Building Models from Data and Scientific Principles
With the MATLAB and Simulink product families you can model virtually any type of system, including:
You can choose from several modeling environments, enabling you to describe your system programmatically, symbolically, or with block diagrams and state machines.
Develop Models from Data
When you have physical insight, you can create models from first principles using analytic or symbolic approaches. Data-driven modeling techniques are especially useful when you do not have sufficient information about your system. In this case, you can ensure model accuracy by choosing a modeling technique that is right for your experimental or historical data. Use statistics and curve fitting tools to explore relationships among your data. You can use linear and nonlinear regression models, classification, clustering, and surface fitting tools. Dynamic models that allow you to express the effect of a system’s past experiences on its current and future behavior can be modeled using neural networks and system identification techniques. Data-driven techniques can also be used to tune the coefficients of your first-principles model in order to fit experimental data using grey-box modeling and response optimization techniques.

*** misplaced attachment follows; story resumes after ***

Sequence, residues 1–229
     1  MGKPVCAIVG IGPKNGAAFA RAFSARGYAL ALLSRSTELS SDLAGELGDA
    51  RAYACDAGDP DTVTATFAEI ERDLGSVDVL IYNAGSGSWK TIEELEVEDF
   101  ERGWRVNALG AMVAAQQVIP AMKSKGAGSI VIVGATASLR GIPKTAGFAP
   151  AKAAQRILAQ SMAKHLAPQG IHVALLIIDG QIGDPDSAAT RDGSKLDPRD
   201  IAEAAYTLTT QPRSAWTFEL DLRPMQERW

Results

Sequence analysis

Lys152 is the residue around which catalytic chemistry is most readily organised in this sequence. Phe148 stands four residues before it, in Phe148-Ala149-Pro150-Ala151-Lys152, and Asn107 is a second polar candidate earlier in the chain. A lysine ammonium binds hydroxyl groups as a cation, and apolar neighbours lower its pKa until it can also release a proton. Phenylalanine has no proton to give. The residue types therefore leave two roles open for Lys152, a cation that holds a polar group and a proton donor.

Develop Models Based on Mathematical, Engineering, and Scientific Principles
You can choose from multiple approaches for creating mathematical models based on first principles. For example, you can:
Develop Models for Domain-Specific Applications
MathWorks application-specific products let you develop mathematical models for applications in the following areas:
- Computational finance portfolio optimization, risk estimation, and economic forecasting
- Physical modeling mechanical, electrical, hydraulic, and drive-line systems
- Powertrain modeling and calibration
- Computational biology gene expression analysis, sequence analysis, and pathway modeling
- Aerospace systems environmental and aerodynamic modeling
- Control systems plant modeling, controller design and verification, closed loop system simulation